Early robotic hands were developed in part to mimic human grasping, but mostly to function in industrial environments where speed and force of operation were primary objectives.
More recently, some robot hand R&D has focused on closely emulating the human ability to pick up; manipulate; and move small, delicate objects in unstructured environments outside the factory safety cage. Many of these robots are being developed for use with humans, either in industrial environments, or as service robots for the elderly or disabled.
This requires robots that are smaller, safer, and human-aware at some level. Engineers developing the newer generation of robotic hands have re-thought the approach to hand design. Many have started with a higher-level view that attempts to emulate multiple integrated human biological systems, not only motor movements. The newer generation of robotic hands closely models the human hand's kinematics with a similar form factor, tactile and sometimes optical sensors, and high degrees of freedom (DOF) counts. Many have industry-standard interfaces and can be used as a tele-operation tool or mounted on a range of robot arms as part of a robot system. Some are commercially available, some were developed as proof-of-concept, and some are still in R&D.
Click on the image below to see 11 of these robots.
Based on the DLR Hand II, the German Aerospace Center (DLR) and the Harbin Institute of Technology (HIT) jointly developed the DLR/HIT Hand II as a medium-cost multisensory robotic hand. The DLR/HIT Hand II has five fingers, each with three actuators, that are identical except that one of them has an additional drive to make it work as an opposing thumb. To fully emulate human fingers' motor functions, each finger has four joints, not three, and each joint has force and position sensors. The DLR/HIT Hand II has a total of 15 degrees of freedom (DOF), compared to 13 in the original DLR Hand II. Fingers are equipped with slip-resistant gripper surfaces. Integration of drives and electronics within the hand itself is intended to make it easier to mount on a wide variety of robot arms.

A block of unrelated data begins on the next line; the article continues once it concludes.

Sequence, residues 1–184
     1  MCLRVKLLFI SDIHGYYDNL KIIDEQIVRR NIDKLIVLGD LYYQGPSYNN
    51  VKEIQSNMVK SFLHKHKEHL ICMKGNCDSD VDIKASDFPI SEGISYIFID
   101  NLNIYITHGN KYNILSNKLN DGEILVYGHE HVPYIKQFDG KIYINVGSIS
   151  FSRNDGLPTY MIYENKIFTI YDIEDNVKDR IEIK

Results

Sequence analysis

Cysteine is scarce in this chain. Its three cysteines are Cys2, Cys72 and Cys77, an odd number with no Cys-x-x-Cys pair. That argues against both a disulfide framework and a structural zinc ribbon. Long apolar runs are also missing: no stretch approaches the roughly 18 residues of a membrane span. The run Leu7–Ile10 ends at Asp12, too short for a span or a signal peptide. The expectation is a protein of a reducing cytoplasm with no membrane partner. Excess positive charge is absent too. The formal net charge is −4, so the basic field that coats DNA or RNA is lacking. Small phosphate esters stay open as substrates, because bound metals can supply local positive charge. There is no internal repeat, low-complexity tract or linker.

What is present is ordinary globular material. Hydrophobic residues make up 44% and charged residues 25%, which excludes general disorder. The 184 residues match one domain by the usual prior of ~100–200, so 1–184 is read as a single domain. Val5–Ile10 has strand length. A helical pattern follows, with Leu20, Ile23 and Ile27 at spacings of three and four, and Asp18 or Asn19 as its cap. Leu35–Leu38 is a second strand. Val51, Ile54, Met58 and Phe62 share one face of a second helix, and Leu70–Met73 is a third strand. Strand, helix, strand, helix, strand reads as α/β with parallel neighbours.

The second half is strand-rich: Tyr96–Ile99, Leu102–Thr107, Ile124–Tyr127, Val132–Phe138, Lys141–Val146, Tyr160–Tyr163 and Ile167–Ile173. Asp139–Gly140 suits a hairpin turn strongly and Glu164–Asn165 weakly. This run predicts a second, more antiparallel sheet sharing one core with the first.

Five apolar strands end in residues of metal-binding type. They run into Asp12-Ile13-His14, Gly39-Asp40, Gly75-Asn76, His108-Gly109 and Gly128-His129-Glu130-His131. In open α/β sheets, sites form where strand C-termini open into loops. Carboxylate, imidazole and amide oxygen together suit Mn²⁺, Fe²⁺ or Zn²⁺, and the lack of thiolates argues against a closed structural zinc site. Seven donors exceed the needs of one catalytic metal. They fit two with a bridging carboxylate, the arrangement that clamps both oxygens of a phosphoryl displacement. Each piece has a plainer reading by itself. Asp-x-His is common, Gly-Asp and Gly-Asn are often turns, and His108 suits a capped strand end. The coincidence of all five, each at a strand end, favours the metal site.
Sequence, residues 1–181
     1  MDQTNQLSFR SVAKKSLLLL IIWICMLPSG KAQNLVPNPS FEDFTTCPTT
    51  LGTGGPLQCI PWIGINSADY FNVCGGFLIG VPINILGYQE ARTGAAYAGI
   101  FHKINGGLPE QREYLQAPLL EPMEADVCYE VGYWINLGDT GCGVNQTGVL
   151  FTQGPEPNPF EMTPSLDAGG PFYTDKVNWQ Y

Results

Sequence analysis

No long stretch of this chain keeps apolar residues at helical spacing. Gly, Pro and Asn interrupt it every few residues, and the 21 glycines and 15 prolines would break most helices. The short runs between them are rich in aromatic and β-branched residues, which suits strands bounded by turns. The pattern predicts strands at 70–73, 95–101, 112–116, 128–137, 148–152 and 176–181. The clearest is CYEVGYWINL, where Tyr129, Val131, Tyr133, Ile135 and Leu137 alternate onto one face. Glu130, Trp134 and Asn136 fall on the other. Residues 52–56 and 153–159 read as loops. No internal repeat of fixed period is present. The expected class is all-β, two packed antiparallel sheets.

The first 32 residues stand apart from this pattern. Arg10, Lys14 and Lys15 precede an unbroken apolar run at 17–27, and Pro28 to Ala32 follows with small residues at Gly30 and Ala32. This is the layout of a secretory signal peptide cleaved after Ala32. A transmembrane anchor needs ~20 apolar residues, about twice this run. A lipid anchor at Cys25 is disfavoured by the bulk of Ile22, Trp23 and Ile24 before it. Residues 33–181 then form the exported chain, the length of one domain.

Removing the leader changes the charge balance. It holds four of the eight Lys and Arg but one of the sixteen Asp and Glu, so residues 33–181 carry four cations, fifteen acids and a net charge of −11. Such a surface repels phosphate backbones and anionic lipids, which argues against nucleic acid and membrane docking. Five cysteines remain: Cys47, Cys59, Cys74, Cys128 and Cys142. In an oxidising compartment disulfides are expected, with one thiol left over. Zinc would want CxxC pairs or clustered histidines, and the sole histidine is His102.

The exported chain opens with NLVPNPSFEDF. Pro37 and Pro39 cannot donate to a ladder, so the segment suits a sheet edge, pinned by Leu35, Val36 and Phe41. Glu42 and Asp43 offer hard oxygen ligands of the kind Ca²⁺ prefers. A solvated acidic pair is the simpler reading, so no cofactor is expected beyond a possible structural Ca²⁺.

(Source: German Aerospace Center (DLR))
“It's amazing the amount of research and effort going into this area.”
@apresher: Exactly some amazing robotic stuff. I fear that the world might not need humans to do work hereafter. A plus as well as a risk that might hit the world if it not being used properly.
The supply chain will change significantly over the next 10 years as industry 4.0 technology enhances supply chain performance, according to the 2015 MHI Annual Industry Report, “Supply Chain Innovation — Making the impossible possible.”
The engineers and inventors of the post WWII period turned their attention to advancements in electronics, communication, and entertainment. Breakthrough inventions range from LEGOs and computer gaming to the integrated circuit and Ethernet -- a range of advancements that have little in common except they changed our lives.
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